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Collage illustrating the follies’ relationship with the brickworks and their integration into the nature of Meinerswijk.
Collage illustrating the follies’ relationship with the brickworks and their integration into the nature of Meinerswijk.

Site plan The landscape of Meinerswijk as transformed by the Elden brickworks, showing the sightlines between the architectural follies and the former brickworks.
Site plan The landscape of Meinerswijk as transformed by the Elden brickworks, showing the sightlines between the architectural follies and the former brickworks.

Longitudinal section of the hotel: on the ground floor the hotel rooms and on the first floor the restaurant with the terrace on the left. Cross section of the hotel: on the ground floor the hotel rooms and on the first floor the public restaurant on the left and the rooms reserved for hotel guests on the right.
Longitudinal section of the hotel: on the ground floor the hotel rooms and on the first floor the restaurant with the terrace on the left. Cross section of the hotel: on the ground floor the hotel rooms and on the first floor the public restaurant on the left and the rooms reserved for hotel guests on the right.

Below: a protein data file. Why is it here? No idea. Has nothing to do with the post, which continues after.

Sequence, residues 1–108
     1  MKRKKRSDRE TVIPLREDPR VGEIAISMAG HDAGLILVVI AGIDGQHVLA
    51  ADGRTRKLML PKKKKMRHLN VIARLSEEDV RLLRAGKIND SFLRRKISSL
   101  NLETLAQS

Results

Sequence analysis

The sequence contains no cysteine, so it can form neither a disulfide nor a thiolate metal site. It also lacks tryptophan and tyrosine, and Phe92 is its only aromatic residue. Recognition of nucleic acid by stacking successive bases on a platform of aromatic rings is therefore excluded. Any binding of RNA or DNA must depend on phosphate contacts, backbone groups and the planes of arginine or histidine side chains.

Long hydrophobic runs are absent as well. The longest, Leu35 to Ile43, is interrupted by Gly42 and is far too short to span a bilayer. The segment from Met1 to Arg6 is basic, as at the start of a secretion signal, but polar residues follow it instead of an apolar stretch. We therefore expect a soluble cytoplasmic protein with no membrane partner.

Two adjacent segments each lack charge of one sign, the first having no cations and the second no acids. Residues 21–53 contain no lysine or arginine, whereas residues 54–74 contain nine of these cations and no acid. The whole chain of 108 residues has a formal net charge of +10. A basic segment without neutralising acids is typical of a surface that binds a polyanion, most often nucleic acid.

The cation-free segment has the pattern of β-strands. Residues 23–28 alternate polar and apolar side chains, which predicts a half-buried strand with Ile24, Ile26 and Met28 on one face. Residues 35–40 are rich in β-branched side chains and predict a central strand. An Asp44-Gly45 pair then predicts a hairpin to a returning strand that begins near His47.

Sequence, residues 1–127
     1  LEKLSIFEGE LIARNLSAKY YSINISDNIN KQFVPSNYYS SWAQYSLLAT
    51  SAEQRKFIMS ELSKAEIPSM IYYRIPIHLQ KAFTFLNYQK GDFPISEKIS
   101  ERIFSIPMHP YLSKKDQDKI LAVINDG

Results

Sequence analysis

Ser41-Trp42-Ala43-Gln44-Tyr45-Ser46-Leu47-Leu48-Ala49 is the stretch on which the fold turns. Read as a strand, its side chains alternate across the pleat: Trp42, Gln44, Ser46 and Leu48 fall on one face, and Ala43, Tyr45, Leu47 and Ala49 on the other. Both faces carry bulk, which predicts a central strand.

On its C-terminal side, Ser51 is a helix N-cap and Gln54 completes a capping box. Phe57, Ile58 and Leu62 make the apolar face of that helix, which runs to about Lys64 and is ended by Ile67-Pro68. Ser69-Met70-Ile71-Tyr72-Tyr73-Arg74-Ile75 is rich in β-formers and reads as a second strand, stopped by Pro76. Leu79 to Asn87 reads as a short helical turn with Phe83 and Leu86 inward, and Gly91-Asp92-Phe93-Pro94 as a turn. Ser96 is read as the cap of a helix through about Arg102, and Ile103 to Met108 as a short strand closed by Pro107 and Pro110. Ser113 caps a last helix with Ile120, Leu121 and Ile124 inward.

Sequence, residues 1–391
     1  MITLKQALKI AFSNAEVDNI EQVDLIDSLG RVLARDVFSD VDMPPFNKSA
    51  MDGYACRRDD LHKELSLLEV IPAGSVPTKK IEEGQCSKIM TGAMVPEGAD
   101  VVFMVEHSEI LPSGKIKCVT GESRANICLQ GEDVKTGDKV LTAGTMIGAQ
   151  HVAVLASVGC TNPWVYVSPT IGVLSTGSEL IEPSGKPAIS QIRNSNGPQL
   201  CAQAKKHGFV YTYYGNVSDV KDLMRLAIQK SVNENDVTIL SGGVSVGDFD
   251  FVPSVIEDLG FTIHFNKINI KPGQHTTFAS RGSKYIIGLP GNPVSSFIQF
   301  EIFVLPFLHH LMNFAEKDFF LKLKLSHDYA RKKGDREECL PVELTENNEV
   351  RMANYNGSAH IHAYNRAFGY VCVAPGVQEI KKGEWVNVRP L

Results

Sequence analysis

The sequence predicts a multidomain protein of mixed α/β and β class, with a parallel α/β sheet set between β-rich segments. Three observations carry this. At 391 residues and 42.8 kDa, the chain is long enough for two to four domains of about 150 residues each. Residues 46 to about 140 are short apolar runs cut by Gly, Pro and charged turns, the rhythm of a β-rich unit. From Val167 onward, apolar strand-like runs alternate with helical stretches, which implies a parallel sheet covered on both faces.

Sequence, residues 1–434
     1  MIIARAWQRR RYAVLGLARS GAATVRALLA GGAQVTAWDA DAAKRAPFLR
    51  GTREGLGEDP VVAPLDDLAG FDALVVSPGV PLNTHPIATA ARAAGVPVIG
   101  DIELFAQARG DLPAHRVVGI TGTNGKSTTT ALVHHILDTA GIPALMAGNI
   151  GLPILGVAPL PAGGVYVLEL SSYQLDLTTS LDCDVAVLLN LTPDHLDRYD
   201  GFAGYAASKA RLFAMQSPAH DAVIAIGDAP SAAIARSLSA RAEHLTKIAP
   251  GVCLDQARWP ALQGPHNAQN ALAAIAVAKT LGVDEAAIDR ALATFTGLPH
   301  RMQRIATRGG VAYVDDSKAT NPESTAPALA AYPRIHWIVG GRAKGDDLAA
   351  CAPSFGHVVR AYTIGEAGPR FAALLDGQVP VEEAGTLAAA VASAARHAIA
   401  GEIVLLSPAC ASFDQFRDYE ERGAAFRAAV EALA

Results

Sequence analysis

The former smoke corridor now accesses the hotel rooms, with a central opening in its roof to allow in daylight.
The former smoke corridor now accesses the hotel rooms, with a central opening in its roof to allow in daylight.

The structure of the bathroom is kept light, the flame openings in the brick wall have been transformed into new lighting fixtures.
The structure of the bathroom is kept light, the flame openings in the brick wall have been transformed into new lighting fixtures.

The wooden construction is pointed up by the large open space of the restaurant where tables for the hotel guests are dispersed between the kitchens.
The wooden construction is pointed up by the large open space of the restaurant where tables for the hotel guests are dispersed between the kitchens.

The concept forming the architectural follies is the deconstruction of the brickyard typology into its constituent elements of chimney, roof, wooden construction, tunnel ovens, fire and clay pit. The follies are abstracted by the geometric simplification and deconstruction of the typological elements of the brick oven.
The concept forming the architectural follies is the deconstruction of the brickyard typology into its constituent elements of chimney, roof, wooden construction, tunnel ovens, fire and clay pit. The follies are abstracted by the geometric simplification and deconstruction of the typological elements of the brick oven.

Section over Meinerswijk landscape: the Nederrijn, the brickyard, the architectural follies, the natural floodplain.
Section over Meinerswijk landscape: the Nederrijn, the brickyard, the architectural follies, the natural floodplain.




PROJECTINDEX
 
BRICKWORKS: A DECONSTRUCTION
Technische Universiteit Eindhoven
ARCHITECTURE,LANDSCAPE DESIGN

The redevelopment of the Elden brickworks and the Meinerswijk landscape